Artist’s rendering of the New Horizons spacecraft. Courtesy NASA/Johns Hopkins University Applied Physics Laboratory/Southwest Research Institute. Click for larger view.
In January 2006, NASA launched the New Horizons spacecraft on a mission to “understand worlds at the edge of our solar system.” (Watch the launch video here.)
On board the spacecraft are seven instruments: a visible and infrared light spectrometer, an ultraviolet spectrometer, a passive radiometer, a telescopic camera, a plasma spectrometer, an energetic particle spectrometer, and a student dust counter.
After getting an early boost from Jupiter, New Discovery just rendezvoused with a rock some three billion miles (~5 billion km) out in space — Pluto, formerly known as the ninth planet in our solar system. The US has now reached every planet with a space probe, and this latest meeting marks the completion of the initial reconnaissance of the solar system.
Our solar system family portrait is now complete. Courtesy Ben Gross.Click for larger image.
Just before 8am US EDT, (12pm UTC) New Horizons flew about 8,000 miles (~13000 km) above the demoted planet’s surface, and streamed moonlit-images back to an eager audience. The images show an unprecedented glimpse into the origins of our own solar system. Pieced together from multiple viewpoints, they will help scientists construct a topographic map of Pluto's surface.
Check back throughout the week as we update this story with the latest views from New Horizon’s Pluto flyby. And be sure to check out our #PicturePluto contest on Twitter to enjoy some madcap renderings of what could possibly be hanging out up there.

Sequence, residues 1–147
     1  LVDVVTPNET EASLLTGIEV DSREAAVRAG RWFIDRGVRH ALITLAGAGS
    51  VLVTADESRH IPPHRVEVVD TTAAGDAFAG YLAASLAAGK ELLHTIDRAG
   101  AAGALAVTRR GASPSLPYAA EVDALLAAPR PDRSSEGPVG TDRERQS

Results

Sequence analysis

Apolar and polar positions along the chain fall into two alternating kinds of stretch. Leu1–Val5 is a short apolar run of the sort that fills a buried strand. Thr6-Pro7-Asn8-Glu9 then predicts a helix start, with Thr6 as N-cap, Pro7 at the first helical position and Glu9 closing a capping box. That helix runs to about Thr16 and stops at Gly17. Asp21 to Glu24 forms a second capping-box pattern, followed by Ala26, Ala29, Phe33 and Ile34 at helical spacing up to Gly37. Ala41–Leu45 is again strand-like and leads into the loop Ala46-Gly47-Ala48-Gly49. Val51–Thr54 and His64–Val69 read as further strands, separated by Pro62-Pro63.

Update 19 July. Animated flyover of Pluto's Norgay Montes (Norgay Mountains) and Sputnik Planum (Sputnik Plain)were acquired by the New Horizon's Long Range Reconnaissance Imager (LORRI) on July 14 from a distance of 48,000 miles (77,000 km). All images courtesy NASA/Johns Hopkins University Applied Physics Laboratory/Southwest Research Institute.
Update 17 July. Annotated closeup of Plutos icy frozen plain Sputnik Planum. All images courtesy NASA/Johns Hopkins University Applied Physics Laboratory/Southwest Research Institute. Click for larger view.
Update 17 July. Animated zoom into what NASA has dubbed Sputnik Planum (Sputnik Plain) after earth's first artificial satellite.
Update 16 July: A close-up of Pluto's largest moon, Charon. In this view, a "mountain in a moat" can be seen in a depression on the moon's right side. Charon's smooth surface leads scientists to speculate there has been recent cryo-volcanic activity. Click for larger view.
Update 15 July: Close-up images reveal a youngish mountain range, with an ice foundation. Contrary to expectations, Pluto is also not pock-marked with craters. Click for larger view.